How did we determine our focus?

Using the 4 main questions from the book, Spirals of Inquiry—staff asked students these questions, asking a variety of boys and girls, from each grade across the school.

The four key questions are:

  1. Can you name two adults in this setting who believe you will be a success in life?
  2. What are you learning and why is it important?
  3. How are you doing with your learning?
  4. What are your next steps?

We also used staff observations from their daily interactions with students.

Our Learning

What did we learn from listening to our students?

1) Can you name two adults in this setting who believe you will be a success in life?

Most students had difficulty naming two adults. Staff was surprised, because they felt they showed this on a daily basis.

2) What are you learning and why is it important?

Most students commented on math, because assessment in math continues to be more qualitative than other subjects. Students from all three groups were interested in practical skills that relate to job acquisition.  They also clearly understand the First Nations curriculum and its importance to their home.  A connection is being made between the ACT lessons and social skills.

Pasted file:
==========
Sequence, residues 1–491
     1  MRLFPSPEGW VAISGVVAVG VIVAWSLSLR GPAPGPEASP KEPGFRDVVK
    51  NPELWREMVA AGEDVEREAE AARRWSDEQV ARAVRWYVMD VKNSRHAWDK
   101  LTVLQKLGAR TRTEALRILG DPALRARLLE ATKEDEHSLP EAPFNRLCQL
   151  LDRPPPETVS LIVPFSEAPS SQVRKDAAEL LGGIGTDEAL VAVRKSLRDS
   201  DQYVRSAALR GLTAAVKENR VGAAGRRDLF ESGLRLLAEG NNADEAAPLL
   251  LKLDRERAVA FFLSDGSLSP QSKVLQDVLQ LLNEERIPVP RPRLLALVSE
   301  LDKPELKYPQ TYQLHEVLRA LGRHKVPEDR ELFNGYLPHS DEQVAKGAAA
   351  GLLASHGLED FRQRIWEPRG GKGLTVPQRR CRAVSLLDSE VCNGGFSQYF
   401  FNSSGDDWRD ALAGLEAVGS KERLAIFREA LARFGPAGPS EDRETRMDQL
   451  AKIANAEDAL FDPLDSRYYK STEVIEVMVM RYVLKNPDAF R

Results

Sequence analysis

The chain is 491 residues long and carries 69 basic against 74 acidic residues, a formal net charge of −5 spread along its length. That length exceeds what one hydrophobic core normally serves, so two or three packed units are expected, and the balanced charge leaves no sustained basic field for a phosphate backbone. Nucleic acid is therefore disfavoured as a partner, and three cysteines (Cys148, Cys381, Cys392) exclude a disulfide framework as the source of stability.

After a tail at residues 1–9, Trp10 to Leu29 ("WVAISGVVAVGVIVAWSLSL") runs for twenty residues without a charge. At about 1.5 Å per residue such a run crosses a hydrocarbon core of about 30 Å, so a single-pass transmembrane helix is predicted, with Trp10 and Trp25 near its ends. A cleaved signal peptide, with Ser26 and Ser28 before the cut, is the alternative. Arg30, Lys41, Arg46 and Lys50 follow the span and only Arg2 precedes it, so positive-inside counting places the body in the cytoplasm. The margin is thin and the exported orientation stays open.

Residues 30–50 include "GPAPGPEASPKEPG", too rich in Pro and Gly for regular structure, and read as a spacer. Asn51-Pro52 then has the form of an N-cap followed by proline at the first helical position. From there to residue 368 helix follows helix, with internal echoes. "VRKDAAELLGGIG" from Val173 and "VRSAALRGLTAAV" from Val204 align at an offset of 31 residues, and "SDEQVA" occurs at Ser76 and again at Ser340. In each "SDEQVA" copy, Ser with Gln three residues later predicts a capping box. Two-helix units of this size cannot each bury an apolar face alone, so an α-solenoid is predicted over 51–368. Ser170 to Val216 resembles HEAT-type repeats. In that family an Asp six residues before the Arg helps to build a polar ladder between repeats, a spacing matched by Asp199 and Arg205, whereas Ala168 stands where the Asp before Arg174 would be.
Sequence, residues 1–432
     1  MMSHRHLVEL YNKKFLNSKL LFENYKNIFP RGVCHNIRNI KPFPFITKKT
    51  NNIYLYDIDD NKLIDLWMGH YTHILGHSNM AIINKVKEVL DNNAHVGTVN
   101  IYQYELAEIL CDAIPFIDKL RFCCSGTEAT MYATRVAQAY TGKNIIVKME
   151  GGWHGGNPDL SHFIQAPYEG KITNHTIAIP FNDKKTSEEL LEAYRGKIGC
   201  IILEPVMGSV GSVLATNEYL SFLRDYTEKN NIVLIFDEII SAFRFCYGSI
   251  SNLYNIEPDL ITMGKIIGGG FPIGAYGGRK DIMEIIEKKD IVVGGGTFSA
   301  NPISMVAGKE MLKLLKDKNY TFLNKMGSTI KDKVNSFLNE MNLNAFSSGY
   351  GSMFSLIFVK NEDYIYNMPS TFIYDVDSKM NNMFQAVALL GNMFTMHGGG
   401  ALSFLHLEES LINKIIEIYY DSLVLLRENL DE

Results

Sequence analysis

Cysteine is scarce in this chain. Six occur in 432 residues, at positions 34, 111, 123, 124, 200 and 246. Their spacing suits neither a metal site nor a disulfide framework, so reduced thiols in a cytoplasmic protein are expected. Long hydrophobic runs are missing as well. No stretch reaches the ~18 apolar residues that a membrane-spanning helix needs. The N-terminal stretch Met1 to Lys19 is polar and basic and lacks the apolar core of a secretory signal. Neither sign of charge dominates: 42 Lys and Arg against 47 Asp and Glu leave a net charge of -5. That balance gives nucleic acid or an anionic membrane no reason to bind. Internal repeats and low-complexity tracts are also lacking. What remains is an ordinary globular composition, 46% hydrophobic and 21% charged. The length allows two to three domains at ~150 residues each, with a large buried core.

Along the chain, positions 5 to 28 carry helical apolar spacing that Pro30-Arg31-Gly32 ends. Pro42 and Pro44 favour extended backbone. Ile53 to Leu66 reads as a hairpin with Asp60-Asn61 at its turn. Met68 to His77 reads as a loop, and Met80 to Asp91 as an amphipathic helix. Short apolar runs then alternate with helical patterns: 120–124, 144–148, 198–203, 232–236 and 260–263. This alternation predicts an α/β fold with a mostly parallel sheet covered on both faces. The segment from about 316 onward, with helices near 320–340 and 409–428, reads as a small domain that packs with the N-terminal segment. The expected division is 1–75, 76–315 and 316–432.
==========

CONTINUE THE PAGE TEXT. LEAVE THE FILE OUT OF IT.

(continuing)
3) How are you doing with your learning?

Most students paused to think about this question. Students are fair with themselves.  Every student used the word “good”.  Each student was also able to identify something they wished to learn, or needed to work on.

4)What are your next steps?

This question initially caused confusion due to its open-endedness.  Again, students paused, but were able to answer the question. With time, students furnished thoughtful responses to ‘next steps’, showing positive resilience and growth mindset (comfort in taking a risk or grappling with a questions they are unsure of.) This demonstrated students’ growth mindset; no student was without a plan. We have traditionally been strong academically; however, we wanted to utilize the Spirals of Inquiry to investigate how the students view themselves as learners.